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The problem of land-use planning, if conscientiously approached, is seldom an easy one. When coupled with it are issues as controversial as those involved in conflicting industrial interests and opposing conceptions of property rights, the solution is doubly difficult. Consequently, the forester attempting to establish a puhlicly supported protection policy in the midst of such clashing forces finds himself confronted by one of the most difficult of public relations jobs. The author describes such an involved situation in Oregon and discusses the procedure for correcting it.
Document Type: Journal Article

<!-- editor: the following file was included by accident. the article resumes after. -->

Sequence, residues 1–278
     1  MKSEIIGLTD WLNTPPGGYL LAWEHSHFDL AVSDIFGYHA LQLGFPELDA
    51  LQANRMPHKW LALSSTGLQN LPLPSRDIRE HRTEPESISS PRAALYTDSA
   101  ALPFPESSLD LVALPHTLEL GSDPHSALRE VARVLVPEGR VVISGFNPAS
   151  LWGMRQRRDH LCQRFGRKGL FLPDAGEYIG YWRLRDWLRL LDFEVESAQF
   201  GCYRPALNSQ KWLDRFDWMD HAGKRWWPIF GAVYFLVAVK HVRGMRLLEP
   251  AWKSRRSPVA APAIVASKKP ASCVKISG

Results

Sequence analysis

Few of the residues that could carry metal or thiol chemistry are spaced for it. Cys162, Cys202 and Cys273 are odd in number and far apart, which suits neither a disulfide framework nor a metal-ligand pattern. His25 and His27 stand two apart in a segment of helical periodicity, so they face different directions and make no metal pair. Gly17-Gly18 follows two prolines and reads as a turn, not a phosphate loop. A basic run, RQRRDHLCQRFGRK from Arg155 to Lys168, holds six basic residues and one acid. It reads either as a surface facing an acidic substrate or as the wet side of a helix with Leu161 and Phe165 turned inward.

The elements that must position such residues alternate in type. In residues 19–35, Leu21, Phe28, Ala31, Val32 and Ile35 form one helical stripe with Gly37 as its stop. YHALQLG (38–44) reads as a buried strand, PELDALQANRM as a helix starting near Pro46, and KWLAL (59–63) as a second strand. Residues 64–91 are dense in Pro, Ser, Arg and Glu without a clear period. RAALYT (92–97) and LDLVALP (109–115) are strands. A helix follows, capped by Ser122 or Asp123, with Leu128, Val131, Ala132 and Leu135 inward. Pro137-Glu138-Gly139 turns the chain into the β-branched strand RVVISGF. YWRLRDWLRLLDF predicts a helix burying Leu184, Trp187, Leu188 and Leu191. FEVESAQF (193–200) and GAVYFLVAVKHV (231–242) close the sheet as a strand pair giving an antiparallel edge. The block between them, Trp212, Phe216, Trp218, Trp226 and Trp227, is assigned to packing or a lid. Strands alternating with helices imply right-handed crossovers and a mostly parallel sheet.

State Forester of Oregon
Publication date: June 1, 1937
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The Journal of Forestry is the most widely circulated scholarly forestry journal in the world. In print since 1902, the Journal has received several national awards for excellence. The mission of the Journal of Forestry is to advance the profession of forestry by keeping forest management professionals informed about significant developments and ideas in the many facets of forestry: economics, education and communication, entomology and pathology, fire, forest ecology, geospatial technologies, history, international forestry, measurements, policy, recreation, silviculture, social sciences, soils and hydrology, urban and community forestry, utilization and engineering, and wildlife management. The Journal is published bimonthly: January, March, May, July, September, and November.